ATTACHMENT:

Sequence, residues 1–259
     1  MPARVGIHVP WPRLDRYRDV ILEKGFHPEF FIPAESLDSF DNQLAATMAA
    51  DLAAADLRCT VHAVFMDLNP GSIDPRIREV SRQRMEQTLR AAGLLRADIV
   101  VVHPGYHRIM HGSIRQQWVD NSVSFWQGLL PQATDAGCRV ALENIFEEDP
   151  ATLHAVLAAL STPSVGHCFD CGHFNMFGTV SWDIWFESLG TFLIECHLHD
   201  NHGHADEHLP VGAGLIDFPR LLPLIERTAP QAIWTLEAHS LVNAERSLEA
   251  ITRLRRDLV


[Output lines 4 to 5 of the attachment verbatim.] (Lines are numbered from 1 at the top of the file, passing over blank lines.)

   101  VVHPGYHRIM HGSIRQQWVD NSVSFWQGLL PQATDAGCRV ALENIFEEDP
   151  ATLHAVLAAL STPSVGHCFD CGHFNMFGTV SWDIWFESLG TFLIECHLHD